SGA to fight budget cuts

“Don’t balance the budget on our backs!” is the rallying cry that students from public universities across the Commonwealth will be taking to Frankfort Feb. 20. The students will gather in the rotunda for “Listen Up, Legislators,” where they will voice their opposition to Kentucky Governor Steve Beshear’s proposed budget cuts that administration say would result in higher tuition and fees in Kentucky’s public universities.

Northern Kentucky University students participate as the next step of the SGA “iCare” campaign, an effort organized by SGA to curtail the $8.2 million cut to the university’s state allocation. Not only will NKU students participate in the protest, but they may also meet with legislators from the Northern Kentucky region in person Feb. 18.

“We are (headed to) Frankfort to convey the message that we have needs and not wants,” SGA President Alyse Bender said. “We are looking for (the legislators) to hear the voices and concerns of NKU students.”

She also said organizers hope to make a visual impact on the Legislature.

University President James Votruba said he remains optimistic that efforts to lessen these budget cuts will be fruitful.

“We are still relatively early in the legislative process. I am getting assurances from both House and Senate leaders that the budget picture will improve over the next several weeks,” Votruba said. “I hope this is the case because NKU has come too far to go backwards and there is too much at stake for both our students and our region.”

Nevertheless, he maintains that tuition increases are inevitable.

While all NKU students are invited to partake, Bender said a select few will be going ahead of the rally to speak with lawmakers from Northern Kentucky.

Bender said that she plans to present four reasons to legislators to oppose cutting NKU’s budget.

She cites the increase in applications for admission and interest. Since 2005, NKU has received 44 percent more applications, according to Melissa Gorbandt, director of admissions outreach.

Bender also said budget cuts would suspend NKU’s expansion and limit the number of full-time faculty members.

She gave the negative impact the cuts will have on Vision 2015, a strategic plan to improve living conditions in Northern Kentucky, as a third reason.

She also said the negative impact would spread to the surrounding community’s businesses.

“NKU has recently developed a business plan that illustrates through investing in the university … the university will invest in the community,” she said.

University President James Votruba said he remains optimistic about the cuts.

“We are still relatively early in the legislative process. I am getting assurances from both House and senate leader that the budget picture will improve over the next several weeks,” Votruba said.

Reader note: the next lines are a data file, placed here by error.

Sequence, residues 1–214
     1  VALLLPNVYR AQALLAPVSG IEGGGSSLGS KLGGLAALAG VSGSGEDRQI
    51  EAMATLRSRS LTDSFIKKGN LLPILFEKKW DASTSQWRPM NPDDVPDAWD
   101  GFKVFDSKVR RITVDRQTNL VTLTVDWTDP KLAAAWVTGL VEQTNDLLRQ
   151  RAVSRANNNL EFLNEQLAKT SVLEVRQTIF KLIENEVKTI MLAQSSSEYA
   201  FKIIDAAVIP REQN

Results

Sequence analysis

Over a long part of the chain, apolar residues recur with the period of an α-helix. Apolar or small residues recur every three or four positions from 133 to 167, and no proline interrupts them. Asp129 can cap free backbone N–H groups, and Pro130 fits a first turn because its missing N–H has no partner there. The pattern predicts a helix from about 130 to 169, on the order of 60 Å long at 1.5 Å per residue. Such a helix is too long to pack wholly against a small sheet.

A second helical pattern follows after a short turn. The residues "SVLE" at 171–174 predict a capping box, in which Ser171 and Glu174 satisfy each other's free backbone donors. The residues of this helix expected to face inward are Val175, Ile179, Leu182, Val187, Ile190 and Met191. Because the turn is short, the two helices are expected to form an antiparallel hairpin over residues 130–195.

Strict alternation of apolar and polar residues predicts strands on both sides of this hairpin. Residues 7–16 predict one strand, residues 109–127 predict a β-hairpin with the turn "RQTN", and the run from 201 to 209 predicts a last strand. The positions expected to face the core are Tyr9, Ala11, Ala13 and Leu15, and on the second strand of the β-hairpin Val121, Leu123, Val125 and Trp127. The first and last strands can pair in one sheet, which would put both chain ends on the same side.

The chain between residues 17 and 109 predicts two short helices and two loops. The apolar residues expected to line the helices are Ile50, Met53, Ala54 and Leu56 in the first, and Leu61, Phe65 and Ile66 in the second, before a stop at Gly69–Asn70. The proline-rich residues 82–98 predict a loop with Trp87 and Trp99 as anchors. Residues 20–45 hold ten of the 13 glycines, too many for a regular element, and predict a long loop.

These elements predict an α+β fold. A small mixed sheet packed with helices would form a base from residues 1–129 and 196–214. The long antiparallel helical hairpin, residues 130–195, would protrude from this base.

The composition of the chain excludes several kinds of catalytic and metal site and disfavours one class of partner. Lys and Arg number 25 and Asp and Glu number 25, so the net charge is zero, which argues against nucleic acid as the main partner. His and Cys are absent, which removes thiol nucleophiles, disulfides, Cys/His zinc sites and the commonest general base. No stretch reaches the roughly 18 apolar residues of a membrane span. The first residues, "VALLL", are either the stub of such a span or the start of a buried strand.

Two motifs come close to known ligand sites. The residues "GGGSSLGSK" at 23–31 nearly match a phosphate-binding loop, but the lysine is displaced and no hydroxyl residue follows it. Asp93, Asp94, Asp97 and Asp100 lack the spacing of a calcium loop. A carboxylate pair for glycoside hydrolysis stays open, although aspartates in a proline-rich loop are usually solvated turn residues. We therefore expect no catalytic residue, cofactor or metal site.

Katie Stine, R-Campbell and Pendleton counties, indicated she hopes the students visiting the legislature will learn through the firsthand experience.

“(The visit) will hopefully dispel some mystery about the process bills must go through before becoming law and how many groups have had input in the legislation,” Stine said.

While students from all of Kentucky’s public universities will also work apart as they focus on their particular institutions. Bender said she expects the question of why NKU deserves funding over other public colleges in Kentucky. The Commonwealth funds eight four-year universities, as well as the 16 community colleges in the Kentucky Community ‘ Technical College System.

“The only thing we can hope for is that they see the value of NKU,” Bender said.

In addition, Bender said, “The Northern Kentucky legislators have worked diligently to make sure our cuts are minimal, but cuts are inevitable. The most reasonable things we can ask for at this time are the least amount of cuts possible.”

Bender went on to share the motivation for continuing the effort.

“You never receive anything in life without an effort,” she said.

While SGA is battling to keep the budget cuts minimal at the legislature, Bender said that the governing body has no role in seeking funding from other sources.

“It is not SGA’s job to fund the University. Our job is to represent the students,” she explained.

Bender said she hopes to have 50 students attend the rally. The University is providing transportation, lunch, and a t-shirt to any student willing to attend. Students can also receive an excuse from class from the Dean of Students.

Fro students not able to attend but who want to express any concerns about the budge cuts, Bender advises that the students contact their legisltors by calling 1-800-372-7181 or look up e-mail information at